None of this to disagree with your own views and experience, but simply to say that there are many angles from which to view recovery and in particular the process and result of long-term recovery.
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Old 03-12-2012, 06:46 AM   #49 (permalink)
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Originally Posted by Raindance View Post
I've had some success with a bit of "both"... I went to a treatment centre that was 12 steps, but also had a counsellor that taught cognitive behavioural therapy... The CBT really helps me diffuse my feelings into what they really are and taking the reaction out of it.
For the record, although they sound similar, Rational-Emotive-Behavior-Therapy (REBT/CBT) is not what Rational Recovery teaches. AVRT violates almost all of the axioms of REBT, and is not 'rational' by the REBT/CBT definition of rationality. For example, there is the absolutist perfectionism of AVRT (ie, the Big Plan), recognizing the Beast as a rational entity, the (I/It) split, and finally, the concept of moral judgement. Also, with AVRT, you don't change your thinking or expose the irrationality of said thinking; you simply recognize the Addictive Voice, and then you objectify it as ego-alien (not you).

I have watched taped REBT sessions with addicted people conducted by the creator of RET/REBT, Albert Ellis, as well as taped AVRT sessions conducted by Jack Trimpey, and they are worlds apart. There was a 'debate' between Ellis and Trimpey back in 1994, discussing the merits of each approach, and Ellis (who should know) acknowledges that AVRT is a separate discipline. Incidentally, Trimpey is a trained REBT counselor at the supervisory level with decades of experience. As a result, Rational Recovery did once use REBT, in its early days, but eventually dropped it entirely in favor of AVRT.
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Old 03-12-2012, 07:09 AM   #50 (permalink)
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Thank you, Peter G., for your post.
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Old 03-12-2012, 07:22 AM   #51 (permalink)
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Originally Posted by desertsong View Post
I think Peter summed up what I was thinking in terms of combining the two.
There was a reason I suggested that you to contact Peter back when you originally inquired about AVRT, desertsong. Contrary to what some people might like to suggest, I'm not interested in telling those who seem to like AA not to go to AA.

I do love this:

Quote:
Originally Posted by Peter G
AVRT remains the spec-ops guys that can quickly - and with deadly efficiency - root out any insurgent aggression and annihilate it.
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Old 03-12-2012, 07:51 AM   #52 (permalink)
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Thanks Peter G. Your post was awesome.
Love the war analogy.
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Old 03-12-2012, 08:05 AM   #53 (permalink)
 

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Originally Posted by Terminally Unique
I will grant that many people need to detox first before they will be able to understand much of AVRT. Trying to do so drunk or while going through withdrawal is a complete waste of time.
Trying to do anything while in active addiction is a complete waste of time. That's why so many bemoan that "nothing" works. A period of not drinking/using is necessary for one to wrap their head around any method. That is true in or out of AA, whether it's acknowledged or not.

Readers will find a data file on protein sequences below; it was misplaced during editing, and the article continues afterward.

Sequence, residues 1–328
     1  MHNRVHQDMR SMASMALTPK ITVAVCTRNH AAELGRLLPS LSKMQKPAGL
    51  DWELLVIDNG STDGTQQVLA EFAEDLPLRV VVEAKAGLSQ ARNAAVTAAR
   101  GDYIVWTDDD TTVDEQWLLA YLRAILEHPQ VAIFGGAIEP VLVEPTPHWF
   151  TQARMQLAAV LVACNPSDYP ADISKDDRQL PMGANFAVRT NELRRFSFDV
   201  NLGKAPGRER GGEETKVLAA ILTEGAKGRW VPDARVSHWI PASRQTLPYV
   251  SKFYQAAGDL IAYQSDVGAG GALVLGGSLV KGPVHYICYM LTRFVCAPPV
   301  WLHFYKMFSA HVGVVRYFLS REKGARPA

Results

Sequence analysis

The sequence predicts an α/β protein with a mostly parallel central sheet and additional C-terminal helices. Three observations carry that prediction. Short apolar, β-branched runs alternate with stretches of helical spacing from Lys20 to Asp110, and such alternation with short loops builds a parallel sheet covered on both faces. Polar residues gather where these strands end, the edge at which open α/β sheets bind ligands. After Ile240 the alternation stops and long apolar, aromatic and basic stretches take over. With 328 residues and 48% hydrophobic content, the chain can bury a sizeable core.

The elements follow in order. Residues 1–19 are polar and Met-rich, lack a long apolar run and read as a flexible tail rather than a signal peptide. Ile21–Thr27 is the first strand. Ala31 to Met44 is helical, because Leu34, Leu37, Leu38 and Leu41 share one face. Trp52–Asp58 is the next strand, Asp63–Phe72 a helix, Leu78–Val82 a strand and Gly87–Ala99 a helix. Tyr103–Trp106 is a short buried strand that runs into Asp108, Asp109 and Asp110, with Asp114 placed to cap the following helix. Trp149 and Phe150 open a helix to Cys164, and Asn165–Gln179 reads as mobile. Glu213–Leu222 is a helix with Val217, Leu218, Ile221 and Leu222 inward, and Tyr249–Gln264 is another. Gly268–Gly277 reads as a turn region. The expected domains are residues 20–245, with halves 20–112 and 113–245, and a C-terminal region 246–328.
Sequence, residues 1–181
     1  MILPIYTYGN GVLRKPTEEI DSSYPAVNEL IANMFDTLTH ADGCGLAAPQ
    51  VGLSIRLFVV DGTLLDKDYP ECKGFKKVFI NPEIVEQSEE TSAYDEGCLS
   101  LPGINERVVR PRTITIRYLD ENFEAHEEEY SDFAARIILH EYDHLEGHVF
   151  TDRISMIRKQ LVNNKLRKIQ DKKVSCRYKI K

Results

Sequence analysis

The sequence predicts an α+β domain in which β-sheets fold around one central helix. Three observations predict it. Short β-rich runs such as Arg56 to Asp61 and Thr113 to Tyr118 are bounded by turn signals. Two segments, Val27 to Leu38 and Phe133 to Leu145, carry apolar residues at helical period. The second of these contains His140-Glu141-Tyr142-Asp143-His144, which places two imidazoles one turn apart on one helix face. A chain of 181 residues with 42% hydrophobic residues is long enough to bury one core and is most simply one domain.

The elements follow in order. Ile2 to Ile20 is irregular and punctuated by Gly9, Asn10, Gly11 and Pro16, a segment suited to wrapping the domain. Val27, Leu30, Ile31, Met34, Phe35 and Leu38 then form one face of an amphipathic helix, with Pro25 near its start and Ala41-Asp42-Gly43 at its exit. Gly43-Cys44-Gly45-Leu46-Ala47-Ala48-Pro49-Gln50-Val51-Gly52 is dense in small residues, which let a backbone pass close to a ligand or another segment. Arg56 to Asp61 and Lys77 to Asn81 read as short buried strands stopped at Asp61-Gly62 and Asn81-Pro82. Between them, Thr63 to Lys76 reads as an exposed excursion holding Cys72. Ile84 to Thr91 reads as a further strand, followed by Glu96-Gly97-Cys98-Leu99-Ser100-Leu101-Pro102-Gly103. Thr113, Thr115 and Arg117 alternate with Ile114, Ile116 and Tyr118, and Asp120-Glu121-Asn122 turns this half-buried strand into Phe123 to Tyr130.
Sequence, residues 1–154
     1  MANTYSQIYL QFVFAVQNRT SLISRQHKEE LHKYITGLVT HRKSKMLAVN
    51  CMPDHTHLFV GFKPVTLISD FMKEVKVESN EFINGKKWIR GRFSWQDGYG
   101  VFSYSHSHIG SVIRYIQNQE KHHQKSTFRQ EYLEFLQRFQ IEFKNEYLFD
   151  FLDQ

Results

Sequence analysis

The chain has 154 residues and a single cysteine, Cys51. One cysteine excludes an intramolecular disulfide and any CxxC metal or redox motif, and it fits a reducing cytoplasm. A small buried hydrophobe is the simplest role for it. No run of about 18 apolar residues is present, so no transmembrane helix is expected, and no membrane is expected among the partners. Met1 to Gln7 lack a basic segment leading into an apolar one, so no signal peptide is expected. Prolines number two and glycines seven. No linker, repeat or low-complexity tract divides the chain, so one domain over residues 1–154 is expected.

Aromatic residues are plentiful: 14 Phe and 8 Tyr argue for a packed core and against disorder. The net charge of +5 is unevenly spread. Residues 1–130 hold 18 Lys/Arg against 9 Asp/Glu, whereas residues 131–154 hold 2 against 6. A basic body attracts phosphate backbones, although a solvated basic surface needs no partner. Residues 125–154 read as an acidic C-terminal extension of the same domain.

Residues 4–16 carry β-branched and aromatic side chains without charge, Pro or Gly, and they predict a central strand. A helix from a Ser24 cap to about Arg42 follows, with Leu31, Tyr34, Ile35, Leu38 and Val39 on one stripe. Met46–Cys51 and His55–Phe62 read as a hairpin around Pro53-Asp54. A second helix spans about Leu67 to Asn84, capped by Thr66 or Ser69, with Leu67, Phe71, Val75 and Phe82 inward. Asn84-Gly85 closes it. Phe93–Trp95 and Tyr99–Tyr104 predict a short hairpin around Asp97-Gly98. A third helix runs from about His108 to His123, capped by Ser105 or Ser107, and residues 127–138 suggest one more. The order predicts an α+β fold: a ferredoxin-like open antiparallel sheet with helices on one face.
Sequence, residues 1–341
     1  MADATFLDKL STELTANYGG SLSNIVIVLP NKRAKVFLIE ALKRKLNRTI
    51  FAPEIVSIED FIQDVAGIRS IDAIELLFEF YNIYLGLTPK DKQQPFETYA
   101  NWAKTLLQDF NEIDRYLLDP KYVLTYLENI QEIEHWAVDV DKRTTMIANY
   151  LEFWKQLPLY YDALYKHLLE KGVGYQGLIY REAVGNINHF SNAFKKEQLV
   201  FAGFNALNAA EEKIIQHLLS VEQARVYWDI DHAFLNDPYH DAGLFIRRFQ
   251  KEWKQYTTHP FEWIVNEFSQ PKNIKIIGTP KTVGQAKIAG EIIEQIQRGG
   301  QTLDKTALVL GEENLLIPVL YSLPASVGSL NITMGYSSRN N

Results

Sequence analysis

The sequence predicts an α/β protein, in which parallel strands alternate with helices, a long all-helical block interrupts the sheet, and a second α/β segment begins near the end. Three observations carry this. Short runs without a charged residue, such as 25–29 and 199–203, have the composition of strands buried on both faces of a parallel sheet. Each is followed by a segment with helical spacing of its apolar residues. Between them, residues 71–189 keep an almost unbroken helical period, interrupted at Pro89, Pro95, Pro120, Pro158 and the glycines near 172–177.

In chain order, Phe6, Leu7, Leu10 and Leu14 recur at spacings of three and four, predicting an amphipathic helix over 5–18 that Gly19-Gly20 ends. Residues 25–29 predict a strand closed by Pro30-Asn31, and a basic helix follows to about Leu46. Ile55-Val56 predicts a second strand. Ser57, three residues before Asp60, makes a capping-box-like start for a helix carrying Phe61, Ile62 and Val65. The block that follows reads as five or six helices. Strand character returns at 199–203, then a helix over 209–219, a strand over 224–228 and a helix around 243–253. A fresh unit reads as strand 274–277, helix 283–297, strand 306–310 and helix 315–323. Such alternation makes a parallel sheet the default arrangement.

Quote:
Originally Posted by OnlyTheTruth
I have had an "entire psychic change", too, since I quit drinking.
Me too. I think there is a huge misconception that a "psychic change" cannot occur without it being specifically "taught". Anyone who has come out of active addiction has "gone to any lengths" to do so. The hard work that individuals put in is often diminished if it is not specific program work. I was once addicted to substances, yes, but I was never stupid. Once my addiction was stopped (ie quit putting substances in my body) it was quite easy to figure out how I wanted my life to be and go about doing things to get it that way.
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Old 03-12-2012, 08:57 AM   #54 (permalink)
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TU:'this 'fight-fight' thing is a common misconception. One of the basic strategies of AVRT is to stop fighting/debating with the addictive voice.'

So to correct this misconception then the fight-fight is not done by oneself at all but instead by one's inner Beast which is not actually the person involved or at least not the entire sum of the person, being maybe just the primitive part of the person trying not to drink. But that fight to drink is then expressed by the AV as an entirely human voice, in your thoughts, in your mind's eye, fighting to press the drinking issue favorably.

I knew someone was fighting very hard in there somewhere.

Out of curiosity, when the AV is talking for the Beast in a human voice, is it a voice we recognize? How awful would it be to hear Robin Williams or George Dubya chattering away continually aduring us to drink, pimping for the inner Beast.
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Old 03-12-2012, 09:20 AM   #55 (permalink)
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So to correct this misconception then the fight-fight is not done by oneself at all but instead by one's inner Beast which is not actually the person involved or at least not the entire sum of the person, being maybe just the primitive part of the person trying not to drink.
No, the primitive part of the brain is trying TO drink, not trying NOT to drink. Fortunately, it can't control my arms and legs to reach for that wallet, pay for that drink, open the hatch, and pour it in. All it can do is use the AV to try and sucker me into a useless conversation, but I know better than to engage. The times I have engaged, the AV has readily played both sides of the same argument, which leads me to believe that the Beast ultimately doesn't care what the the AV says, or even if it's true, so long as it supports drinking.